From USA Today:
A couple of years ago, freshly-minted college graduates Jon and Samantha Reidy crisscrossed North Carolina in search of a place to settle and buy a house.
After hitting seven cities – including bustling millennial enclaves such as Charlotte, Durham and Raleigh – they decided that nearly all of those housing markets had gotten too expensive. So they picked under-the-radar Winston-Salem.
Last year, they bought a house there for $106,000, including repairs, and plan to stay in the area for decades. Jon is even hoping to convince his parents to move down from Agawam, Mass.
“We have no intention of leaving,” says the 24-year-old athletic trainer. Besides its mix of urban amenities and laid-back pace, “Winston was a place we could afford.”
The 50 percent runup in U.S. home prices since 2011 is reshuffling the pecking order of hot housing markets. While many midsize metro areas that had been affordable, up-and-coming alternatives – such as Kansas City, Missouri; Nashville, Tennessee; Raleigh; and Salt Lake City – are still coveted by buyers, their sales are declining or increasing more slowly amid sharply rising prices and shrinking supplies.
Meanwhile, many smaller, more affordable markets – such as Boise, Idaho; Dayton, Ohio; Greenville, South Carolina; and Winston-Salem – are benefiting from an influx of new residents and home sales that continue to climb.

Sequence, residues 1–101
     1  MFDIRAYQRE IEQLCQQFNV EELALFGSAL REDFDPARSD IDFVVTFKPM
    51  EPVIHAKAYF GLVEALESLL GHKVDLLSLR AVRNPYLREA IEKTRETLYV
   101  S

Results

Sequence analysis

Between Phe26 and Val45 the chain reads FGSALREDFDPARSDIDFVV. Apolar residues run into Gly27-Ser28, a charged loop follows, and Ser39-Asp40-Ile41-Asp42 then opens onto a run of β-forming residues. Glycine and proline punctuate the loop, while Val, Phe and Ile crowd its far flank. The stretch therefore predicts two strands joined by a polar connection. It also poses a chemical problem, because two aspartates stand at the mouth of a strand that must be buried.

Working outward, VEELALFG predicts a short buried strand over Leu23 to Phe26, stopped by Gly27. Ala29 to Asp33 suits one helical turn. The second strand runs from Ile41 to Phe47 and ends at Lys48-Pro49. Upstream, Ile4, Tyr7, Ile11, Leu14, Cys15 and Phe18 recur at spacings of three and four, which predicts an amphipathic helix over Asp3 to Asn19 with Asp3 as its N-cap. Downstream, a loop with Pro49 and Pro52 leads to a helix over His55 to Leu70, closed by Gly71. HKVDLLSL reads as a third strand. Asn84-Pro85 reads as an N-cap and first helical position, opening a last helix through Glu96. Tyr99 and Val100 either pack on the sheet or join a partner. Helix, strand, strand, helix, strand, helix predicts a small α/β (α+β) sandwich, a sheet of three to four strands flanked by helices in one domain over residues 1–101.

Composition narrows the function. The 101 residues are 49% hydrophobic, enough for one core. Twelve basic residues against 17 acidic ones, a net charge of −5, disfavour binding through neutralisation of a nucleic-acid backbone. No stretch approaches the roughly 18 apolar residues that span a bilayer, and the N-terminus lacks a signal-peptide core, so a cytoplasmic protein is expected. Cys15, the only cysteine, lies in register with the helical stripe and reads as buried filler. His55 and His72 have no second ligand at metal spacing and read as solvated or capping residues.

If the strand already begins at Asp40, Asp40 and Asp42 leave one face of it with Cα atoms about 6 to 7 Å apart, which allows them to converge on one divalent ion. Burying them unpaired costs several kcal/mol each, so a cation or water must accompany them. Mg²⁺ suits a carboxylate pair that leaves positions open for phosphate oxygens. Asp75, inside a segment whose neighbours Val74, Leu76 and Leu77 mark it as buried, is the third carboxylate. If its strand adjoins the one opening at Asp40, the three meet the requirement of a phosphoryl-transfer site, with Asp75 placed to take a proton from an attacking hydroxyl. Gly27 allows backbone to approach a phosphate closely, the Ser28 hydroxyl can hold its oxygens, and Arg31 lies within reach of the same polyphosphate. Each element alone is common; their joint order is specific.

“Even the second-tier markets are getting a little too pricey for a lot of residents,” economist Adam Kamins of Moody’s Analytics says. “Home prices are not rising as rapidly in the (third-tier) markets … and if you can get a good job there you may find a better quality of life.”
By contrast, many smaller cities have a healthier balance of supply and demand, as well as lower prices. In third-tier markets, ranked 51 to 100 by population, prices rose 6.4 percent to $246,000 in the first quarter from a year earlier – below the U.S. median of $264,000 – and sales were up about 1 percent, in line with the national average.
Now, however, some third-tier metro areas are getting pricier as they draw more residents. In Boise, a tech hub that has fast become a hip, more affordable alternative to larger cities such as Seattle and Portland, Oregon, the median house price was up 18.4 percent early this year at $255,000. In Aida County, which includes, Boise, the median was $324,000.
Yet home sales were up 23 percent in 2017 and 2 percent the first half of this year despite historically low supplies, according to Moodys and Boise Regional Realtors.